Moreover, you’ll see that the value of **NPV** is either `0`

or close to it.

## Calculate IRR Using Excel VBA

If you use Excel VBA you can effortlessly calculate IRR without remembering any formula and their arguments. Also, if you don’t know much about IRR, NPV, etc., you can still calculate IRR by simply following the visual instructions shown by the VBA macro.

Find below a VBA script that guides you through calculating IRR visually by choosing inputs from your own worksheet:

```
Sub CalculateIRR()
' Declare variables
Dim rngValues As Range
Dim dblGuess As Double
Dim rngDestination As Range
' Prompt user to select range of values
On Error Resume Next
Set rngValues = Application.InputBox("Please select the range of values for the IRR calculation:", Type:=8)
On Error GoTo 0
' Exit if no range selected
If rngValues Is Nothing Then Exit Sub
' Prompt user to input guess value
dblGuess = Application.InputBox("Please enter your guess value for the IRR calculation:", Type:=1)
' Prompt user to select destination cell
On Error Resume Next
Set rngDestination = Application.InputBox("Please select the destination cell for the IRR result:", Type:=8)
On Error GoTo 0
' Exit if no cell selected
If rngDestination Is Nothing Then Exit Sub
' Calculate and print IRR in the destination cell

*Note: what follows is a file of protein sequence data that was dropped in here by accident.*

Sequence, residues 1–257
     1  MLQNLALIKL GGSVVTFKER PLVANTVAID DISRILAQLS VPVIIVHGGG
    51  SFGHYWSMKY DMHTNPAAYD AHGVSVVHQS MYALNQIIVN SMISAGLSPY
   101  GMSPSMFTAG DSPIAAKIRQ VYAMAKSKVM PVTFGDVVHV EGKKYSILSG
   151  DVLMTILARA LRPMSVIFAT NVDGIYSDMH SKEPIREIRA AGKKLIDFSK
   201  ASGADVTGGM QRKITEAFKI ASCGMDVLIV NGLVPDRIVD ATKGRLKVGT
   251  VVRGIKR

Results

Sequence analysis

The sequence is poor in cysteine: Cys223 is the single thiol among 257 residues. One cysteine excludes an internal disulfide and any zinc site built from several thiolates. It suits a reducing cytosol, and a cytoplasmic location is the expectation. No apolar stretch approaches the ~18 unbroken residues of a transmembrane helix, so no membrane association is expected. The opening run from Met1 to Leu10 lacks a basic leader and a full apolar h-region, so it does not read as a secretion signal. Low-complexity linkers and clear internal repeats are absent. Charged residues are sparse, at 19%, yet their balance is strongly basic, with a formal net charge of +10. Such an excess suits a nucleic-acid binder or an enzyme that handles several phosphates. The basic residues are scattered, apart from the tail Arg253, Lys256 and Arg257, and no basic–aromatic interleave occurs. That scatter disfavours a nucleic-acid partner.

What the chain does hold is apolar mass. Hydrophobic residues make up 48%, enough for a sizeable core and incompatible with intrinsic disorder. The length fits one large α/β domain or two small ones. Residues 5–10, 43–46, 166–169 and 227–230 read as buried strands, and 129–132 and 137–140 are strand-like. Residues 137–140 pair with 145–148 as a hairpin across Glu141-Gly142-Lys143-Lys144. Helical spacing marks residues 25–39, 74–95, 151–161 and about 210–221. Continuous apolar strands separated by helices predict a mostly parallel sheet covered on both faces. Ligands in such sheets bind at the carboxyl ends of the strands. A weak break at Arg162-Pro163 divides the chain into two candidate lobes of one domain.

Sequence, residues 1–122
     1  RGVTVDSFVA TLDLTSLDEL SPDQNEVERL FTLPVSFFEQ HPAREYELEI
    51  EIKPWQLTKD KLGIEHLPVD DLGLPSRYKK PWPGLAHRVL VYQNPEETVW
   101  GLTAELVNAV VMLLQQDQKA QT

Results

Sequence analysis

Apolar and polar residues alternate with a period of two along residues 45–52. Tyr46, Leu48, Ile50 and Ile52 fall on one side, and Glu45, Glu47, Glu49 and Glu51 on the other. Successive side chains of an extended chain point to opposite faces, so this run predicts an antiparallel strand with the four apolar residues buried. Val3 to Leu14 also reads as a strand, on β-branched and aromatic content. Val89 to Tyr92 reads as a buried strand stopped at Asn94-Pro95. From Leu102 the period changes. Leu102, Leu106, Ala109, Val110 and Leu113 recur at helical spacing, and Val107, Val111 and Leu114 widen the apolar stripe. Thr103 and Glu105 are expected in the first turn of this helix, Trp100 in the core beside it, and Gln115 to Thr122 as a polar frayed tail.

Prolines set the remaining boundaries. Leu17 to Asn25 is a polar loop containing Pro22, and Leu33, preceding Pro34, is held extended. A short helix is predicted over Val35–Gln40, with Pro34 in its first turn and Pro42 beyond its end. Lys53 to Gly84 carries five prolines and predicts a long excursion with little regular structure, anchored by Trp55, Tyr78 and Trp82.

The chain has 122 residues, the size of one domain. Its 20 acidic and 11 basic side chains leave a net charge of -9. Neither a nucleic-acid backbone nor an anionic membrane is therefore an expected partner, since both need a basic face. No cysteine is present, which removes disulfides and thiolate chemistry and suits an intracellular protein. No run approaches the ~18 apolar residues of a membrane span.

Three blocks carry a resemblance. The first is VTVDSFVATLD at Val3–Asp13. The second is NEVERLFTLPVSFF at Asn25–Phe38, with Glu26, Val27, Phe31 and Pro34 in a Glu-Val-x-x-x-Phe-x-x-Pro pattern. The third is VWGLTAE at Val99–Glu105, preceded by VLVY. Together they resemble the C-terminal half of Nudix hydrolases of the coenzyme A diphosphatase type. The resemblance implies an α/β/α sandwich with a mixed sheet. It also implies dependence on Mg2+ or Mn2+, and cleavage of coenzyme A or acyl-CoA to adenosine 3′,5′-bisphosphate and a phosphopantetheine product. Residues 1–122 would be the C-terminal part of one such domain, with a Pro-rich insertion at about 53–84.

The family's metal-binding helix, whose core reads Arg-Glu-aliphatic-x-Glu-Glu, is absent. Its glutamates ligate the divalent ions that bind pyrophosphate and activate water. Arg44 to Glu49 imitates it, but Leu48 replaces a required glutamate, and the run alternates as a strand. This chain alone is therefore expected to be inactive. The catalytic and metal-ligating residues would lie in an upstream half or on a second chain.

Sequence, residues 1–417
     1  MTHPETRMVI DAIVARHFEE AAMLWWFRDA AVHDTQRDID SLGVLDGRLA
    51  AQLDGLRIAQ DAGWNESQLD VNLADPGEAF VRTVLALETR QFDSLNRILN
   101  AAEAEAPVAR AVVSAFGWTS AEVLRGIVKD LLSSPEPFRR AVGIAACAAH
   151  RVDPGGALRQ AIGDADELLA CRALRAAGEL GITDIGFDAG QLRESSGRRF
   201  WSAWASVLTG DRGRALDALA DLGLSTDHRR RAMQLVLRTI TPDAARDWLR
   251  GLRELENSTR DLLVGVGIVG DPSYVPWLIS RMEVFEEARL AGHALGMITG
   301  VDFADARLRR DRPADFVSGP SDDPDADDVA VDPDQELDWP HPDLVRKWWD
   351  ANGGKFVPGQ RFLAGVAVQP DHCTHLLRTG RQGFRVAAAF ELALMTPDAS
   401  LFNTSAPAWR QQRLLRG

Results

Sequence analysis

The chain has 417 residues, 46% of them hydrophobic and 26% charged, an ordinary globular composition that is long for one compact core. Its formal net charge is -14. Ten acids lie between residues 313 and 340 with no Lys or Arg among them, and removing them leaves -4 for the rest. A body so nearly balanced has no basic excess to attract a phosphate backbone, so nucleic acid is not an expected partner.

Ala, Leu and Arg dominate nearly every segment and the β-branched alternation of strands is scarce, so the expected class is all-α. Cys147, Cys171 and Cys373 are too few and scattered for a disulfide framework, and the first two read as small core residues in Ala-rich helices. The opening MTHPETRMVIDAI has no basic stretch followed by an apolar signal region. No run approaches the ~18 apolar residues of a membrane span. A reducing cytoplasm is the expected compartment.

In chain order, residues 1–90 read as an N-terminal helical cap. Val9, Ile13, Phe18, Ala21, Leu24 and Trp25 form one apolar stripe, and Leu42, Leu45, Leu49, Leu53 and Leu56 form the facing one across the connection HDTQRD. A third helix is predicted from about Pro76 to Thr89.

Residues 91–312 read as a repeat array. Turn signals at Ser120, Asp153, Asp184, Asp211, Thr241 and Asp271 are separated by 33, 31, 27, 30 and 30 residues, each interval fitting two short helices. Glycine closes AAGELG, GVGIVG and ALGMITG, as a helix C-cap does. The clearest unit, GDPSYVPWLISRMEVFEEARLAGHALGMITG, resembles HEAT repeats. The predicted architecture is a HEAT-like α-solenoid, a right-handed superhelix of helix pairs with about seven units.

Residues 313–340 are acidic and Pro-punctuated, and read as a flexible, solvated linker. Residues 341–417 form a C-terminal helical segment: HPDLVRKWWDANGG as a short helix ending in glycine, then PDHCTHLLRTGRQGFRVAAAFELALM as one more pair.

rngDestination.Value = Application.WorksheetFunction.IRR(rngValues, dblGuess)
End Sub
```

Go through this Microsoft Excel tutorial to learn the steps to create a VBA macro using the above script:

π **Read More**: How To Use The VBA Code You Find Online

When you run the script, you shall see the following input boxes:

- A prompt to enter the
**Values argument**, like the periodical negative and positive cash flows.

- An input box so you can choose the
**Guess value**.

- A prompt to let you
**choose the destination**for IRR value.

If you enter the values as requested, Excel shall **calculate the IRR** as shown above.

If you wish to **calculate XIRR programmatically** using a VBA script, you can use this code:

```
Sub CalculateXIRR()
' Declare variables
Dim rngValues As Range
Dim rngDates As Range
Dim dblGuess As Double
Dim rngDestination As Range
' Prompt user to select range for Values
On Error Resume Next
Set rngValues = Application.InputBox("Please select the range for Values:", Type:=8)
On Error GoTo 0
If rngValues Is Nothing Then Exit Sub
' Prompt user to select range for Dates
On Error Resume Next
Set rngDates = Application.InputBox("Please select the range for Dates:", Type:=8)
On Error GoTo 0
If rngDates Is Nothing Then Exit Sub
' Prompt user to enter Guess value
dblGuess = Application.InputBox("Please enter the Guess value:", Type:=1)
If dblGuess = False Then Exit Sub
' Prompt user to select destination cell
On Error Resume Next
Set rngDestination = Application.InputBox("Please select the destination cell for XIRR value:", Type:=8)
On Error GoTo 0
If rngDestination Is Nothing Then Exit Sub
' Calculate and print XIRR in the destination cell
rngDestination.Value = Application.WorksheetFunction.Xirr(rngValues, rngDates, dblGuess)
' Format the XIRR result as a percentage with up to two decimal points
rngDestination.NumberFormat = "0.00%"
End Sub
```

Use this VBA script to calculate **MIRR** in Excel:

```
Sub CalculateMIRR()
' Prompt to select the Values range
Dim ValuesRange As Range
Set ValuesRange = Application.InputBox("Select the Values range", Type:=8)
' Prompt to select the Finance Rate cell
Dim FinanceRateCell As Range
Set FinanceRateCell = Application.InputBox("Select the Finance Rate cell", Type:=8)
' Prompt to select the Reinvest Rate cell